"I confess that I knew nothing of these before marrying a philosopher. Now, I see them frequently in my own thinking (all though less and less thanks to self-awareness), thinking I hear from others, blog posts, (poor) journalism and more.
I encourage you to take some time and consider what traps you may be falling into. You may also find that you are inadvertently encouraging these biases (and subsequent poor decision-making) in people around you through questions you are (or are not) asking, and the way you're approaching meetings.
You may also want to print these and post them in your work space as a reminder. And perhaps have a discussion with your fellow leaders about these. If you want to learn more, check out Daniel Kahneman's book "Thinking Fast, and Slow," or this summary video of the book.
I'd love to hear what realizations you come to from this!
Is the image too blurry to read? Here is the file, which enlarges and prints.
The surprise results of the 2016 Presidential election begs many questions. For leaders, there are meaningful parallels to draw. How vulnerable are you to to detrimental surprises in your company? Your wisdom as a leader is based on what you know. Your decisions and behaviors come from what you know. So, what do you really know?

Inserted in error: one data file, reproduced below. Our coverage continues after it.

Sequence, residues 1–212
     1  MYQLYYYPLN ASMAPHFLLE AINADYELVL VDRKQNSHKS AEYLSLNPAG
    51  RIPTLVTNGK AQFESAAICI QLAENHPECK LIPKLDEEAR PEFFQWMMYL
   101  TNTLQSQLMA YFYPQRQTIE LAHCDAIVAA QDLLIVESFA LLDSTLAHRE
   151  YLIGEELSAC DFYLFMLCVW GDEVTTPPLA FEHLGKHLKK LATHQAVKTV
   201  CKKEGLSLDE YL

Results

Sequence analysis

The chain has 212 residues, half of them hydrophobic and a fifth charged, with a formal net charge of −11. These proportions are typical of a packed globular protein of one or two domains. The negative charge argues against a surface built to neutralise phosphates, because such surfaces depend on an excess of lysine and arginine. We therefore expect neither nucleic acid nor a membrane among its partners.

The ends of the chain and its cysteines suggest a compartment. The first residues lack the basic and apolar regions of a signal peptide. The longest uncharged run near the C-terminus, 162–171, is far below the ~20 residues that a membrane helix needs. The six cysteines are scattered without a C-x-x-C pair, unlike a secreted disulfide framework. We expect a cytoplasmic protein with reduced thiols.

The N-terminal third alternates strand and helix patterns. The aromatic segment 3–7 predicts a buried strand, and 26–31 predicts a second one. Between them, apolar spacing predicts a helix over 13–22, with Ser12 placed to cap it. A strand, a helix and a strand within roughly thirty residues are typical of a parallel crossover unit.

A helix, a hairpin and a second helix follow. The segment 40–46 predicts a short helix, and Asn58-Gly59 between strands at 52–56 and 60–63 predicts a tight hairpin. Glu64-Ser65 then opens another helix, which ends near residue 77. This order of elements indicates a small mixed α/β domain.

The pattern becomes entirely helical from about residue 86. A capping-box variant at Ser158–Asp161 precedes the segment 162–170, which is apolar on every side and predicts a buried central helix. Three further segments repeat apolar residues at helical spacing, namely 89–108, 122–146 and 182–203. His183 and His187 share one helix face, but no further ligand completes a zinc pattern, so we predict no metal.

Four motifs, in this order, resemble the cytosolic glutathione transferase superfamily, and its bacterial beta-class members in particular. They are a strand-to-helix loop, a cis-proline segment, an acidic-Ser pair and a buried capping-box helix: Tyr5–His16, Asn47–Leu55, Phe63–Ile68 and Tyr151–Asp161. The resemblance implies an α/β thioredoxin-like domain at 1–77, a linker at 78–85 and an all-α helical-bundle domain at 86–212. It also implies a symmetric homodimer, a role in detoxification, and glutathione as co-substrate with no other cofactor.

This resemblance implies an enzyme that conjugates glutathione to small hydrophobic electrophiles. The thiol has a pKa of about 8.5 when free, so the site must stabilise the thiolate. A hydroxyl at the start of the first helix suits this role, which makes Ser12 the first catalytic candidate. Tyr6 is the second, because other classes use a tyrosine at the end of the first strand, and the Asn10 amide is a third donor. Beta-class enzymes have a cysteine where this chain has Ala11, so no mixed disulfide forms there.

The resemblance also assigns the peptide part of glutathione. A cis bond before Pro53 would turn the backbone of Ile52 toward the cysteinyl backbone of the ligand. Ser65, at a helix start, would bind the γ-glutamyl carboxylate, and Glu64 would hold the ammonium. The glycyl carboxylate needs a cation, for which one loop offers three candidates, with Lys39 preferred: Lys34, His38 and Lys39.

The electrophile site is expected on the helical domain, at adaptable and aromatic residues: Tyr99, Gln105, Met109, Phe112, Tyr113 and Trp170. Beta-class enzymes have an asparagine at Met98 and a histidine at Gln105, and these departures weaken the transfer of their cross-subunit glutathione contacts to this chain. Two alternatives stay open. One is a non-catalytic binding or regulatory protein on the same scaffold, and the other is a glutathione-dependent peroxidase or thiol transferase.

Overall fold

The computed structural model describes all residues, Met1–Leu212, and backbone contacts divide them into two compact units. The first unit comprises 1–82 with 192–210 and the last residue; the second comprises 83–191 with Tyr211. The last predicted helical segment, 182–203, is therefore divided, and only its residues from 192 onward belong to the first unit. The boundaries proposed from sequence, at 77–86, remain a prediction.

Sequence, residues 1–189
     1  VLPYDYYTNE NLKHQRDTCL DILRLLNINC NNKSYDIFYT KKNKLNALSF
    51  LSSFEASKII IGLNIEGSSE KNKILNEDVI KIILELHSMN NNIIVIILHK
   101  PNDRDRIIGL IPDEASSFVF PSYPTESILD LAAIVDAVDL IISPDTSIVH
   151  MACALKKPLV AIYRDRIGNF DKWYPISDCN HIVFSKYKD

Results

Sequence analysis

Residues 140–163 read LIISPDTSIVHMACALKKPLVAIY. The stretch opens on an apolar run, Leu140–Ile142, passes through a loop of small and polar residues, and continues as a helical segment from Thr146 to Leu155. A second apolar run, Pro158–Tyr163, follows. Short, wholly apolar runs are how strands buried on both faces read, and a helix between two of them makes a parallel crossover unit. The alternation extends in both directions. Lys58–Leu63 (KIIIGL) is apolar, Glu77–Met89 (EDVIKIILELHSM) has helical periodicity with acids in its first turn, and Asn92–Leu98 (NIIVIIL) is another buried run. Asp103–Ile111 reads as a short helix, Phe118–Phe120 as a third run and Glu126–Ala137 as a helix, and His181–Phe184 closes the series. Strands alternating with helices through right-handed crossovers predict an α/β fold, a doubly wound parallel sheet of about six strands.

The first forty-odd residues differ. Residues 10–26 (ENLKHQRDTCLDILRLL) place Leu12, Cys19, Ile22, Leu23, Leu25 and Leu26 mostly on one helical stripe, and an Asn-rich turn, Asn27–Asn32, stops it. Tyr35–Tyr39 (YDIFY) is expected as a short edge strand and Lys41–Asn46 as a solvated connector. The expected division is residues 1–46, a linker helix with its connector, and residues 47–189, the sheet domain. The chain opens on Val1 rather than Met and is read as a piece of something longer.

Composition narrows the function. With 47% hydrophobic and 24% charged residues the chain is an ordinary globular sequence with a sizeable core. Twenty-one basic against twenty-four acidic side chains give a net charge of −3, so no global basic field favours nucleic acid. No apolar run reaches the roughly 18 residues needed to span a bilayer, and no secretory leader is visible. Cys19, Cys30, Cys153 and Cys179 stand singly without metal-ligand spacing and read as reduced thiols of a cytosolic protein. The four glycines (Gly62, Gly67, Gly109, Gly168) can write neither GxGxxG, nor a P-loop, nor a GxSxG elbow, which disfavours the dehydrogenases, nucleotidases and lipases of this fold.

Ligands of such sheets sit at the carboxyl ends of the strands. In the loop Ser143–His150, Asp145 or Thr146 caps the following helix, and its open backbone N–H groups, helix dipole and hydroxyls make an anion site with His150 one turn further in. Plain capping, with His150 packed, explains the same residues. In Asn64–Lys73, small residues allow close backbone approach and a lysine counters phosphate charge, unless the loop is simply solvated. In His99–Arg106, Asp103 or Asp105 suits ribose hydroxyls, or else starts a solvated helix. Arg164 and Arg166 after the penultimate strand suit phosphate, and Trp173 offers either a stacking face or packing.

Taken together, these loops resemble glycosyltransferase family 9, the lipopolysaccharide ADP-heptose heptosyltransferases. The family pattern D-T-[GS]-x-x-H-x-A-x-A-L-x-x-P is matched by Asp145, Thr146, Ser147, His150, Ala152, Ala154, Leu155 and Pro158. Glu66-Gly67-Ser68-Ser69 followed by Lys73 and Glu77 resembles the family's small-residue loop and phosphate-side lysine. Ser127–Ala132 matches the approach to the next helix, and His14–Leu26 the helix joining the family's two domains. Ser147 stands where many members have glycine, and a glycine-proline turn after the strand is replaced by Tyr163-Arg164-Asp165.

What is your risk of being blindsided with your business, like so many experts with this election?
Correlating with what contributed to the surprises with the election, here are 5 questions to ask yourself.
Why? Simply because it's likely not helping your business. It might even be hurting you.
Now, if I'm wrong and your survey and the process does build trust within the company, result in meaningful actions being identified and performed, and you see employee relations improve, congratulations. Don't bother reading further.
Over and over again I see examples of companies doing engagement surveys that amount to (at best) a wee bit of meaningful discussion at the senior leader level, and the box being checked for having done this. All too often I see businesses do harm with these because they don't report back the data to employees, the senior leaders fail to take ownership of the results, and an action plan that is meaningful and realistic (and one with 25 actions is not realistic) does no emerge. After a couple of rounds of this, employees grow to resent the charade and the relationship between leadership and employees takes a hit.
No wonder engagement hasn't increased meaningfully even after so much time and money going into surveys!
Who doesn't love a quick fix? In our 21st-century western culture, this is practically part of our DNA. Got a pain? Pop a pill. Want a perfect lawn? Spray this around. Looking to lose weight? Drink this. VOILA! Problem solved!
Certainly, this is present in our workplace as well. Want more employee engagement? Put managers through a two-hour communications training. Want to do better hiring? Get someone to write you the perfect interview questions. For non-profits, want more donations? Send another mailer.